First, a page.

Is there such a thing as a brand name drug snob? I mean, let’s talk about it because there’s a lot of confusion around what brand name and generic drugs offer, respectively. Some people might feel more comfortable with brand name drugs for the understanding that they are more “safe” as a result of their frequent use or exposure. What do you think?
Why We Doubt
With class action lawsuits about drugs that tilt them as harmful to our health over time, it’s understandable to be on edge about medications you haven’t heard of. Perhaps there’s an association of lower prices with lower quality? Let’s take a closer look at the difference between a brand name and generic drugs.
Brand and Generic Drugs
Understanding the difference between brand name and generic drugs is really about understanding the process that leads to the production of both.
Without having all of the information, the term “generic” denotes a basic or general classification. However, generic is about the fact the drug at hand has no registered trademark or brand.
When a new drug is discovered, it goes through a process where the FDA develops, tests, and approves its production. A brand name company will patent the drug under their name, hence the brand name product. While the patent is in effect, the brand will spend time marketing the drug, which is how it becomes well known to the public.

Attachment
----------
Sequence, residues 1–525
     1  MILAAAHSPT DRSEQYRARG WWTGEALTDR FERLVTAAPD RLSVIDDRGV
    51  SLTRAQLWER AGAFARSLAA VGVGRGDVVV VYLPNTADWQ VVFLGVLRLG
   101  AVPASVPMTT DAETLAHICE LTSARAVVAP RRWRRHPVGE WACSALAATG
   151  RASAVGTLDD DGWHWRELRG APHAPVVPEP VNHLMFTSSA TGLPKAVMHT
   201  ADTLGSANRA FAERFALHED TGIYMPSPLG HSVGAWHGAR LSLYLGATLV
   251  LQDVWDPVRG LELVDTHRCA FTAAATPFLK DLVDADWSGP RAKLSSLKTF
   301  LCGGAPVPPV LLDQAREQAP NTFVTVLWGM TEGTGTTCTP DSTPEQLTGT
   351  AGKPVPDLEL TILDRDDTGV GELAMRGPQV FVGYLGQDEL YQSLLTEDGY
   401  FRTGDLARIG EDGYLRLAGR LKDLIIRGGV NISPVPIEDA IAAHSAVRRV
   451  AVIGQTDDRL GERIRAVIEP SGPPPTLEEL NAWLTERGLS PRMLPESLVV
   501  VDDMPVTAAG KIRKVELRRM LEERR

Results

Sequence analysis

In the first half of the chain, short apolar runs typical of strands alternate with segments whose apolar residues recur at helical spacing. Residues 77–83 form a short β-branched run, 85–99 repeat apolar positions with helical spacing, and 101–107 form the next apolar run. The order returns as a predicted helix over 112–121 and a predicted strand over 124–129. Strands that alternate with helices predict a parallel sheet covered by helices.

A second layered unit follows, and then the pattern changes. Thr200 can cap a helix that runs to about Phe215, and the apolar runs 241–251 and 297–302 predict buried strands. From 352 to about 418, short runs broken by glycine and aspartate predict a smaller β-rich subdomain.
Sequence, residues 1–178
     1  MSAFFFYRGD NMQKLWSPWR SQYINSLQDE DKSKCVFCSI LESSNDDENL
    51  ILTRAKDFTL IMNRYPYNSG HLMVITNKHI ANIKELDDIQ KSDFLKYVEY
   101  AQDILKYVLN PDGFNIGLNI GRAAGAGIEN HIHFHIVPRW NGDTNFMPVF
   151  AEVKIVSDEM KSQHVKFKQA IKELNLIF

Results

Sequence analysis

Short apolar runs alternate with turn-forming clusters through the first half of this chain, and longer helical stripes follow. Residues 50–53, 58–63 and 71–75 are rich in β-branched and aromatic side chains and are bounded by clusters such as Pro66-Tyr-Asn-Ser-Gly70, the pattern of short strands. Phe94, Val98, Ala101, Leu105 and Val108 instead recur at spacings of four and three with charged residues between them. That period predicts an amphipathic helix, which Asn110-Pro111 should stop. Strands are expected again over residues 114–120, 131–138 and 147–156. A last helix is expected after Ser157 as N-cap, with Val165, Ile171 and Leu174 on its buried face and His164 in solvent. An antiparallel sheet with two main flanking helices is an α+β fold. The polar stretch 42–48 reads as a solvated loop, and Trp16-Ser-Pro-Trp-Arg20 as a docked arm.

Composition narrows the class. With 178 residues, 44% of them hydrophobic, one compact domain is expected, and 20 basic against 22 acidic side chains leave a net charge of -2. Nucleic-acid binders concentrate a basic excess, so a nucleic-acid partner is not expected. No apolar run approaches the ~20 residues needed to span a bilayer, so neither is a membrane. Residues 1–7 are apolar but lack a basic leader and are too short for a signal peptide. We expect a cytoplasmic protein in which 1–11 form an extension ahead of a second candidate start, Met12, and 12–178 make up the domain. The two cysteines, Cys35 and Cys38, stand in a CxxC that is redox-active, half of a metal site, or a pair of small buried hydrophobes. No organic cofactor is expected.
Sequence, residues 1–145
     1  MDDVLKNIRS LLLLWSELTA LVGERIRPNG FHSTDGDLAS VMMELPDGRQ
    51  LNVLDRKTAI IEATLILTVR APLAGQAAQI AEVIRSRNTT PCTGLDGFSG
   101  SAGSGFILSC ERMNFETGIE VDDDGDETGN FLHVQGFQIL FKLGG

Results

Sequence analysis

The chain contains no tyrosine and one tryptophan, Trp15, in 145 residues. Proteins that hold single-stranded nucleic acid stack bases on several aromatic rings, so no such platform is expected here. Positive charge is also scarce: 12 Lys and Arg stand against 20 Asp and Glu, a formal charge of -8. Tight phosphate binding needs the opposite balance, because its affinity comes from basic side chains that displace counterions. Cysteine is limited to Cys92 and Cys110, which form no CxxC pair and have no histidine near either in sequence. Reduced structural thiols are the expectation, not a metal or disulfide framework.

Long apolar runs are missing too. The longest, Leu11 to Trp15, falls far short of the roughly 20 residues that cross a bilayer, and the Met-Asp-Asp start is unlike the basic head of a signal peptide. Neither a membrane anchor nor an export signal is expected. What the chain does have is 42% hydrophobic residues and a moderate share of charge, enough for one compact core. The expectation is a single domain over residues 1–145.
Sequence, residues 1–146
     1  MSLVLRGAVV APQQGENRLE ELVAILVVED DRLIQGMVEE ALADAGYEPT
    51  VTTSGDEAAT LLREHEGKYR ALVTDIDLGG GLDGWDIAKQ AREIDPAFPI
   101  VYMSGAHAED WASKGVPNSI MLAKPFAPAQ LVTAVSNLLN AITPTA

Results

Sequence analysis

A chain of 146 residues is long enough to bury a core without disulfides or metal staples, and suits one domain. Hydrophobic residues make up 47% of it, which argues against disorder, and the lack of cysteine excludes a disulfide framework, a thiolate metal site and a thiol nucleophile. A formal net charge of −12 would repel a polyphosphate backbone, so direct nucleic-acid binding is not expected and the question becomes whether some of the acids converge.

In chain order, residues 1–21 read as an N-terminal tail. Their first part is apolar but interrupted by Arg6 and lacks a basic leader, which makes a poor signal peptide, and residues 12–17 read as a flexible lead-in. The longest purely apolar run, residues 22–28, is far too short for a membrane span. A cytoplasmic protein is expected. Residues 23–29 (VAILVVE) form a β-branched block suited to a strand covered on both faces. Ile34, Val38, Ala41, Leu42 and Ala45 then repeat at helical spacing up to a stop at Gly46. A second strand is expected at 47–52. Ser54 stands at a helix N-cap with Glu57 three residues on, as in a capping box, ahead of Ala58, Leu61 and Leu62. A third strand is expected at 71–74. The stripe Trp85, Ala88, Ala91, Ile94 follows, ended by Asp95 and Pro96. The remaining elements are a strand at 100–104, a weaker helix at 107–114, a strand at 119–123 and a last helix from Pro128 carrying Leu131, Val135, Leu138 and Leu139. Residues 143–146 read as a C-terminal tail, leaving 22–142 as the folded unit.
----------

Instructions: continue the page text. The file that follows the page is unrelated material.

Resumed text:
Is There a Compromise on Quality?
Once the patent expires, other companies can release their adaptation of the drug. These adaptations are then considered “generic” versions. The brand that initially held the patent may also develop its own generic.
The Quality Assurance Process
Now, these drugs must comply with the same approval process as the brand name. They must have the same level of effectiveness, strength, stability, and in fact, the same quality. The core difference between the generic adaptations and the brand is the cost, packaging, and inactive ingredients.
The Inactive Ingredients Dilemma
The cost of generics tends to be lower as they do not require extensive funding for marketing. Also, inactive ingredients are typically switched out for more cost-effective alternatives. The packaging is not permitted to be the same, as generics are not branded but rather identified and named after the active ingredient.
For example, ingredients like fillers or food dyes that have no impact on the medication itself may be interchanged. It is possible to have adverse effects on inactive ingredients. However, the likelihood of this occurring is not necessarily more likely than experiencing adverse effects from a brand.
Those are the facts, but we want your opinion. Do you think generic drugs are of lesser quality based on experience?